This can easily lead you to assume a victim mentality and start thinking irrationally. But dwelling on thoughts like “my boss is out to get me!” or “nothing is ever going to go right again,” won’t do much to help the situation—or your stress level.

When you don’t have control over a stressful situation, the secret is to shift your focus to what you can control. And believe it or not, there is always something you can control, like what you choose to think or what action you choose to take.

For example, if your boss is unruly, you can choose to step away and remember that his behavior is not about you; it’s about him. If you’re bound to miss the client meeting due to traffic, you can hatch a quick backup plan, advise your teammates of your status, pull off the road, and check in by phone.

You can always choose your response to a situation, even if you can’t control the situation itself. Along similar lines:

3. You Don’t Have a Choice in Your Situation

I hear this one frequently—particularly from women who are the breadwinners of their households. They feel like they don’t have a choice in their situation, and the stress that results from that comes out in the comments they make.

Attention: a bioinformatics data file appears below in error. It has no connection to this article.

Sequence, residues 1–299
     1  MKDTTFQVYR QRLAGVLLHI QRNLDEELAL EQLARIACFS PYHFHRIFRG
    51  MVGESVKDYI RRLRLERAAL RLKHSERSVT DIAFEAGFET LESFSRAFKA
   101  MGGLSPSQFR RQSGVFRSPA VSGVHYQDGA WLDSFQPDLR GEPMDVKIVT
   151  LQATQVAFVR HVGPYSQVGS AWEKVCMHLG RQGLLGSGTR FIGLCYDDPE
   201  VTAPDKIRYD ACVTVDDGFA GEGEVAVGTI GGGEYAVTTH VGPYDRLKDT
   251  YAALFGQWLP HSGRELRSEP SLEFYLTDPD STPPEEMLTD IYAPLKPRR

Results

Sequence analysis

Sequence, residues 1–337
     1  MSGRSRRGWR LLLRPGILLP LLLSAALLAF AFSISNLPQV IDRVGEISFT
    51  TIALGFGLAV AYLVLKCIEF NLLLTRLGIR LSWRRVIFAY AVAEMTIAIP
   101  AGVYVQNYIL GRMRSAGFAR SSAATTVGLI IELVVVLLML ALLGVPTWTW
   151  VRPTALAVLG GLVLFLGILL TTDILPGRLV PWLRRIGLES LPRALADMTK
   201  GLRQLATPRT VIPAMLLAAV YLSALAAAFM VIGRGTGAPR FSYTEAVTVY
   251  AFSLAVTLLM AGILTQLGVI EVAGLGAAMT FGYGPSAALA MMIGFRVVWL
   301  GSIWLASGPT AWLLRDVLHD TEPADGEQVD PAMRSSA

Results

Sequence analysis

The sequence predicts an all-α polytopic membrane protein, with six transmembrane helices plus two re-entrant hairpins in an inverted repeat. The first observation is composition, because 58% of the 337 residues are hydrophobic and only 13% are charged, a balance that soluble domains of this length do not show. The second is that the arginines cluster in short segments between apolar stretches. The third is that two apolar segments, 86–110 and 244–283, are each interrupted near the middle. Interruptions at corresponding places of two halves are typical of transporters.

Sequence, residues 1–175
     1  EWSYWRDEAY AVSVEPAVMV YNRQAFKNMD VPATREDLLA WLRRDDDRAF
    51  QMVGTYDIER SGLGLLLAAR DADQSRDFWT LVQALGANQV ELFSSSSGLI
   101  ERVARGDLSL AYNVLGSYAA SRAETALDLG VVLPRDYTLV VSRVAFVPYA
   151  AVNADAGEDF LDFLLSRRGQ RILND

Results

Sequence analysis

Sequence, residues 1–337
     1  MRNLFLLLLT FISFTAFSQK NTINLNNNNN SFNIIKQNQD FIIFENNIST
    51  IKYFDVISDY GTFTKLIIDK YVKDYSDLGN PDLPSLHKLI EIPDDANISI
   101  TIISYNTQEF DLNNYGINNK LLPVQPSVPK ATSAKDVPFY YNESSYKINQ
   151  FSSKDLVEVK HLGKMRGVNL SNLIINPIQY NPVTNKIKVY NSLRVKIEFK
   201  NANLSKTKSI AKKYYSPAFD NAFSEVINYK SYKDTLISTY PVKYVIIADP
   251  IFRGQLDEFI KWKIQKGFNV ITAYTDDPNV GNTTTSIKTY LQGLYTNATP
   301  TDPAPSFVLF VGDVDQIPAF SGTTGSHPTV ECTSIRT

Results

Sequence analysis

“It’s all on my shoulders.”
“I don’t have a choice.”
“I can’t quit my job.”
“I can’t take any risks.”
“I’m trapped.”

Often, this issue stems from the fact that the women didn’t intentionally choose to be the completely financially responsible for their households, it just sort of happened—and now, they don’t see any way to change it.

But when faced with any situation that makes you feel like you don’t have a choice—and subsequently stresses you out—your best defense strategy is to recognize the reality: You do have choice. If you hate your job, you can quit. There are consequences that come with that choice that might not be desirable to you—but you can choose it.

So, rather than thinking “I don’t have a choice,” shift your mindset to, “I choose to stay in this role because it’s less painful than the other option, which would be to quit and no longer be able to pay the mortgage. In the future, I might choose a different path. But for now, this is my choice.”

Can you see the different energy that comes from the latter statements? Can you see how articulating what your choice is—even if it’s not one you will make—can mitigate such a stressful situation? When you think you have no choice, look around and recognize your options, consider what the impact would be if you chose one of them, and then reframe your thinking.

There’s no doubt that threatening situations stress us out. When we feel like we’re not going to succeed or when we feel like we don’t have control or choice, it’s easy to feel overwhelmed. But next time you face a stressful situation, I urge you to focus on the action you can take. I promise, little by little, you’ll get your power back. Not to mention your sanity.

Photo of pencil breaking courtesy of Shutterstock.